Peter Kimball ’03, a self-identified computer geek with one master’s degree in security informatics and another in computer science, was working at his brother-in-law’s algorithmic equities trading firm when Kimball’s five-year-old nephew was diagnosed with Type 1 diabetes.
That would galvanize the family and change the direction of Kimball’s career.
With Type 1 diabetes, the pancreas is unable to produce the insulin that regulates glucose and enables cells to produce energy. Intimately involved with managing his son’s blood glucose level, Kimball’s brother-in-law, Bryan Mazlish, was surprised by the primitive state of dosing technology and decided there had to be a better way. Creating one became a family mission, led by Mazlish and that included his wife (Kimball’s sister), who is a physician with years of experience managing her own diabetes; Kimball’s father, who has a doctorate in electrical engineering; and Kimball himself.
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Through trial, innovation, and reverse engineering they came up with a better, easier way for Mazlish and his wife to monitor their son’s blood sugar throughout the night. Monitoring is a critically important task that had required them to go to their son every couple of hours. That changed — Mazlish and his family crew developed a continuous glucose monitor that worked remotely.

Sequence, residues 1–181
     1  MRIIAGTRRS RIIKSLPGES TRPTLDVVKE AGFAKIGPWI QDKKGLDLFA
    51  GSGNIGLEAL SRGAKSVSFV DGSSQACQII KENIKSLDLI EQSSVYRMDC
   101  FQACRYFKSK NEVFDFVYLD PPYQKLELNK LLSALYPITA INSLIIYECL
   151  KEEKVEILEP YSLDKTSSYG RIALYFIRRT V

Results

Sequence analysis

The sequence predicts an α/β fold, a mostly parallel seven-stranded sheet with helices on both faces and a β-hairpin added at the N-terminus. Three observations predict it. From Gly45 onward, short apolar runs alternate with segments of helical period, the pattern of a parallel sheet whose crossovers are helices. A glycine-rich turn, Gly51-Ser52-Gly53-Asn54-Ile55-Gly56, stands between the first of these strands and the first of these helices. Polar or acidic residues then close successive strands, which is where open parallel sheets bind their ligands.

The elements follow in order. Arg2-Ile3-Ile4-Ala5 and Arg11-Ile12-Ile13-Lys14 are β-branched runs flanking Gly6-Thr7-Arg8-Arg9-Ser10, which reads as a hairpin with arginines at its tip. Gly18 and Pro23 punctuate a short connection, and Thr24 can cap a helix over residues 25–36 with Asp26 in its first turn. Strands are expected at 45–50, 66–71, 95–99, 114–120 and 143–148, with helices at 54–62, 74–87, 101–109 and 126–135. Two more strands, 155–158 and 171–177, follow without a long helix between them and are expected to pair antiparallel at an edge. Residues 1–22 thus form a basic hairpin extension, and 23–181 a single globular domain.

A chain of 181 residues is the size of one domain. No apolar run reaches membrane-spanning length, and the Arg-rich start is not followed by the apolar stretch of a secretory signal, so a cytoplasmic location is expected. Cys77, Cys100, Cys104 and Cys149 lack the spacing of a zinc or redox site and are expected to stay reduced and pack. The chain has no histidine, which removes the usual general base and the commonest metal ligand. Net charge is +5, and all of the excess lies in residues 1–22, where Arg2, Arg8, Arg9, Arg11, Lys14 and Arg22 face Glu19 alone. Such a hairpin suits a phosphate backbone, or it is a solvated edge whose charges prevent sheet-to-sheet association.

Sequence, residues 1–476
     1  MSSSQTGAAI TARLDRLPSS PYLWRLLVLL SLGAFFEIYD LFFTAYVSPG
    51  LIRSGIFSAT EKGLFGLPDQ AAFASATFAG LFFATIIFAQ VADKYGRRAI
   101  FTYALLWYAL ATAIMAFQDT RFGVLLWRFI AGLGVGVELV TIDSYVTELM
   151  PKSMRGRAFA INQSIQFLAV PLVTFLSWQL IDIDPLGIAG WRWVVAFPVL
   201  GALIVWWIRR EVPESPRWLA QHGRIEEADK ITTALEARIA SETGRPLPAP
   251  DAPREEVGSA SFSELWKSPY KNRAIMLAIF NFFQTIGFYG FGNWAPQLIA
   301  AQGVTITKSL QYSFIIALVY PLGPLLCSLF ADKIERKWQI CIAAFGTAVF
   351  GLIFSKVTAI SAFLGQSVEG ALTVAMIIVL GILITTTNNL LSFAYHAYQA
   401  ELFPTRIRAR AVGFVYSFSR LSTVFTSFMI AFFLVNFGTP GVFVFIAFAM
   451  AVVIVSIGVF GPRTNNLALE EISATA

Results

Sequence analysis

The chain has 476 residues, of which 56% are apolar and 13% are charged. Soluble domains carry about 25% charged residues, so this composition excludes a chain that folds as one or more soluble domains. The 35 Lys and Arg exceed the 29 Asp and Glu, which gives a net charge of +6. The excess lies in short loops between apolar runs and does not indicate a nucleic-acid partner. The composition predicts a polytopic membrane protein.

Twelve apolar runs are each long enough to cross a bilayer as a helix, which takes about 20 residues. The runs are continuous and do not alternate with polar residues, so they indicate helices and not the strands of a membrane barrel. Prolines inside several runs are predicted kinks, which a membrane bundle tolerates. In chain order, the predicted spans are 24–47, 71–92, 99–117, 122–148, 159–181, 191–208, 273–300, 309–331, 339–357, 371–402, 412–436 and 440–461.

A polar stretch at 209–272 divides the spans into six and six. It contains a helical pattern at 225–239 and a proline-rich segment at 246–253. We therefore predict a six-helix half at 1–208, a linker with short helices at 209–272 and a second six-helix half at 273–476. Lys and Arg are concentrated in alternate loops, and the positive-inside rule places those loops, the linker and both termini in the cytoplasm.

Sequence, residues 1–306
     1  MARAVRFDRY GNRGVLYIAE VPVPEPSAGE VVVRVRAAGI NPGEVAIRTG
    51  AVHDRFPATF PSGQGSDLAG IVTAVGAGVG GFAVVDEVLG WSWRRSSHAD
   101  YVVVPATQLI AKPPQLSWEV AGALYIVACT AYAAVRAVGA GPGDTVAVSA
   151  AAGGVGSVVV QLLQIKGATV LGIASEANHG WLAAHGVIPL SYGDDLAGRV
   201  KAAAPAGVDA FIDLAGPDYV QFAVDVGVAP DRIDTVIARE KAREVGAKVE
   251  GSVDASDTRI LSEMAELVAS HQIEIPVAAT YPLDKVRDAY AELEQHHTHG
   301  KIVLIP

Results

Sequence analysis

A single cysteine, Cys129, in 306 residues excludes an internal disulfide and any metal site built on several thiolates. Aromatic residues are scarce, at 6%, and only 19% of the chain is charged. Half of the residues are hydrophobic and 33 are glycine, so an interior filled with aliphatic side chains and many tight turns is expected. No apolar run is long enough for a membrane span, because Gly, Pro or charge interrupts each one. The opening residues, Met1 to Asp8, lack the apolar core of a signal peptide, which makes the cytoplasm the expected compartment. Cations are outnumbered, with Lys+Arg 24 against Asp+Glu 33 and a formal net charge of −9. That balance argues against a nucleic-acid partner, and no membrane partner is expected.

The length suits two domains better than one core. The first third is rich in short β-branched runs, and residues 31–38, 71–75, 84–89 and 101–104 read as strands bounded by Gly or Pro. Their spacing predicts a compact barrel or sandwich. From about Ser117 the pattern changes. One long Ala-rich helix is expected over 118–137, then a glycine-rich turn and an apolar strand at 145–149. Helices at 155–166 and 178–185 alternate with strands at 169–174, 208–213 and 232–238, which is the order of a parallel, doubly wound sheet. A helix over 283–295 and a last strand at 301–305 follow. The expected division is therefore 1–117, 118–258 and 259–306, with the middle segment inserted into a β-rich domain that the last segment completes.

Mazlish went on to co-found Bigfoot Biomedical, a Silicon Valley company that is developing what has been described as a next-generation automated dosing system, and Kimball is part of the Bigfoot staff.
This year the company expects to market its first system that includes a smart insulin pen cap that is designed to make dosing easier. The cap connects with a continuous glucose monitor worn on the arm, and the monitor sends glucose information to the cap in real time for automatic and precise dosing.
Kimball is a jack-of-all-trades at Bigfoot. “I jump around quite a bit, and I help wherever I can to keep things, keep development, moving forward,” Kimball said, tracing his flexibility back to his liberal arts education. He majored in computer science and art.
He’s been a software developer, a product security engineer, and now he’s a firmware developer. Firmware is software that runs on an embedded device, for instance the smart pen cap.
When he heads into work, Kimball is always motivated. Watching his sister, then his nephew, manage diabetes, he grew to understand the burdensome and relentless nature of the disease.
“It doesn't let up. You have to manage it every day. There's no remission from this; this is not something that comes in waves,” he said. “I know we can make, we can create, technology that makes this less burdensome and simpler for those affected by diabetes. And that is a really good driving force.”